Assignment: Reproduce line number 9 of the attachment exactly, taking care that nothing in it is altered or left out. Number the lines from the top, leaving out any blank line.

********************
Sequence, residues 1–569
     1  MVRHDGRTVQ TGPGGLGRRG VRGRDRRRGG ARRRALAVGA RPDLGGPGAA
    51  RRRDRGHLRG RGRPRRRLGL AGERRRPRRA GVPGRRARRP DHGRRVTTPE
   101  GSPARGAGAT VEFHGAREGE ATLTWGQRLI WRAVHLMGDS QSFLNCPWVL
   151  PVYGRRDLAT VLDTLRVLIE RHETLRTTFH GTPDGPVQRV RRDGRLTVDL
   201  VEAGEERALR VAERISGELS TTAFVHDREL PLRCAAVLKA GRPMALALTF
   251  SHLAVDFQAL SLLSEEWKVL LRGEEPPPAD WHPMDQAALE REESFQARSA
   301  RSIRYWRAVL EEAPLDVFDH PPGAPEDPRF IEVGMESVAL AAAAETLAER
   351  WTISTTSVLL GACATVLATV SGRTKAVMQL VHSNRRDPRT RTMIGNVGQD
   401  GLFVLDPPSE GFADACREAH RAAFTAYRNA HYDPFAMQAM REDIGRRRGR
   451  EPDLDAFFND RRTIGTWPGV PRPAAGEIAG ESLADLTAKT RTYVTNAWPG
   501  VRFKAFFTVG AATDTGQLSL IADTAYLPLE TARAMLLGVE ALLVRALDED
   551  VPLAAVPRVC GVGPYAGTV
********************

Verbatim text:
   351  WTISTTSVLL GACATVLATV SGRTKAVMQL VHSNRRDPRT RTMIGNVGQD